Almost 3 months since it was first released, the fourth and final beta release of the upcoming version of Android, Q, is here.
Android Q beta 4 is available to developers using the Android Studio emulator to prep their applications for when it finally hits consumer devices later in the year.
As is always the case, it is also available for download and installation immediately on Google Pixel smartphones that are already enrolled in the Android beta programme either manually or over the air (OTA).
It is only last month that Google unveiled the third beta release and confirming that indeed, Android Q will be version 10 of Google’s popular mobile operating system.
With beta 4, Google has finally confirmed what we’ve always known: that Android Q is API level 29.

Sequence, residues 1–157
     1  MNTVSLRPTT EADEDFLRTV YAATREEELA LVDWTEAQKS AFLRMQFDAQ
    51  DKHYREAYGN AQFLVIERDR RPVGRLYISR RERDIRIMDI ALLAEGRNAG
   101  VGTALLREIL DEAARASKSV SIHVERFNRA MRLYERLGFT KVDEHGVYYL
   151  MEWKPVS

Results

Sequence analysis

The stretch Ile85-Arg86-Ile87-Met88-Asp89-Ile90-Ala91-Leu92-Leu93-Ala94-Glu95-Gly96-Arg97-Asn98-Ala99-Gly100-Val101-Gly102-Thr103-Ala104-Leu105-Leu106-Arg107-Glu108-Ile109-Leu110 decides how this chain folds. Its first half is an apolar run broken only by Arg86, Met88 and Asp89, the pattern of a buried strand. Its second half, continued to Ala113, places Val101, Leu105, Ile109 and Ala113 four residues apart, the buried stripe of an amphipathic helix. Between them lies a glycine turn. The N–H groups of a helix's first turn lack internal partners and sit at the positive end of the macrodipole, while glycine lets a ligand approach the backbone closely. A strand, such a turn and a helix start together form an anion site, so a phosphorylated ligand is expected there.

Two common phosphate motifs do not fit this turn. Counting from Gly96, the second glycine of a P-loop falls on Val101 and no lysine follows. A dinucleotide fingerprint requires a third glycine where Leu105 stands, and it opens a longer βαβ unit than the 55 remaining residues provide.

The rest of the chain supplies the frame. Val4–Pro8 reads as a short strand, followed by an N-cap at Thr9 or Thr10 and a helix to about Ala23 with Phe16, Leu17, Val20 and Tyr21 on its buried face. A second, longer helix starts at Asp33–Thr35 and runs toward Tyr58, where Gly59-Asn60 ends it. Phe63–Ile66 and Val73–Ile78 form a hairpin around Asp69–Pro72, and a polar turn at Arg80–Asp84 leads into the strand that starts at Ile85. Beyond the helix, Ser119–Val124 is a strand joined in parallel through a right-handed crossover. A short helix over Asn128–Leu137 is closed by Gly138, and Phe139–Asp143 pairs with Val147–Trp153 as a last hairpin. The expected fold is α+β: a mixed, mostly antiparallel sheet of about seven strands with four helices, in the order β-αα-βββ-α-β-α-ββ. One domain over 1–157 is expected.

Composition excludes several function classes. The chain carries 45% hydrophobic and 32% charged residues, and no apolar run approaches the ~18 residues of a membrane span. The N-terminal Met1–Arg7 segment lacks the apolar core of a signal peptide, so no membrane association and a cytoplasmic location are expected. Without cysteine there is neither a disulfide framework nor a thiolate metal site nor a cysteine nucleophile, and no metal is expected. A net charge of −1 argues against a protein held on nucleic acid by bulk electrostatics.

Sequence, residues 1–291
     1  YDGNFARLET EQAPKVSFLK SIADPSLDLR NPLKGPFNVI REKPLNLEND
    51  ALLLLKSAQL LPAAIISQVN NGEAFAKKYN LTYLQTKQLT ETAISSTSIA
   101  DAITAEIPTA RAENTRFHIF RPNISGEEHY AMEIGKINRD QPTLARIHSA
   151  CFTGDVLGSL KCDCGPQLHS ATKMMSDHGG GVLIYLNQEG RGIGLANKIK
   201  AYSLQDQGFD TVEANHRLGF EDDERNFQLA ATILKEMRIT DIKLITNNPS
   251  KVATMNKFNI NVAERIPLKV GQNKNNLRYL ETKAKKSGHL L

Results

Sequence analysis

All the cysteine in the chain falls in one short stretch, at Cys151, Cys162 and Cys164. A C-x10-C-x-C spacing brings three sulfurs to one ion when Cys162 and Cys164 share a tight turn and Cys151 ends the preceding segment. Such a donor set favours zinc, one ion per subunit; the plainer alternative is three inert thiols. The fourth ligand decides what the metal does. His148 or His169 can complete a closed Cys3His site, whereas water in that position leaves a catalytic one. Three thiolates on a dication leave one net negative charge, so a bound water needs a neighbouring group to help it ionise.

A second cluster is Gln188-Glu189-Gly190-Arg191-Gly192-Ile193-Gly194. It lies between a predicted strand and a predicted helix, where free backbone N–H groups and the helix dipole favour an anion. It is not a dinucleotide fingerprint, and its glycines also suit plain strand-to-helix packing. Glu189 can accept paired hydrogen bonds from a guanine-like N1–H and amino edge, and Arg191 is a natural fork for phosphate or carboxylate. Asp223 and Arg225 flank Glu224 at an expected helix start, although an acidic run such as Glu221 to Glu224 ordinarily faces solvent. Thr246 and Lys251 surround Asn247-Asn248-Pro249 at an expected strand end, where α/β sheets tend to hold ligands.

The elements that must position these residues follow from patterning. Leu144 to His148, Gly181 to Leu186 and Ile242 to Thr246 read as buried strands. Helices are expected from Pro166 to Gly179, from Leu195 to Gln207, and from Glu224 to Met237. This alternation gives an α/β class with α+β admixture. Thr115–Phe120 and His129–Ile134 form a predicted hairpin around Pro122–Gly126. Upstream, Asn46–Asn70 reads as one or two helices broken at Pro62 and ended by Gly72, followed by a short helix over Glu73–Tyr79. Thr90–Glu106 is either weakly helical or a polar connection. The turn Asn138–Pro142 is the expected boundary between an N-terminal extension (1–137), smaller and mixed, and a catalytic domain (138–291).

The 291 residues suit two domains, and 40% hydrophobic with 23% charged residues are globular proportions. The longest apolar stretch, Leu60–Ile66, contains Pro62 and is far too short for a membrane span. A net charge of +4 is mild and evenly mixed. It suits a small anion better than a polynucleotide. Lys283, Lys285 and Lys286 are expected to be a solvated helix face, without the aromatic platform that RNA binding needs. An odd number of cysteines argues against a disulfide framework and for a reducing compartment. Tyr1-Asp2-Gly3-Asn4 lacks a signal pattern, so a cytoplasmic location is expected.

With the release of Android Q beta 4, app developers are now at liberty to publish apps targeting devices running Android Q and taking advantage of all the new features it brings to the Android experience to the Play Store. This is thanks to the availability of the software development kit (SDK) starting today.
As the non-developers among us will be quick to note, beta 4 is more of a release geared towards getting developers ready for the final rollout of Android 10 to everyone (basically, housekeeping) than introducing any new features.
While developers and enthusiasts who’ve been test-driving Android’s latest version on the Pixel are getting their fix immediately, what happens to the rest of us who have some of the other 15 smartphones that have had access to beta 3 (16 if we include Xiaomi’s latest)?
“Partners that are participating in the Android Q Beta programme will be updating their devices over the coming weeks,” Dave Burke, Google’s VP of Engineering notes in the blog post announcing Android Q beta 4.
I’ve been testing Android Q beta 3 on the Nokia 8.1 over the last one month and will provide an update if and when the device receives beta 4.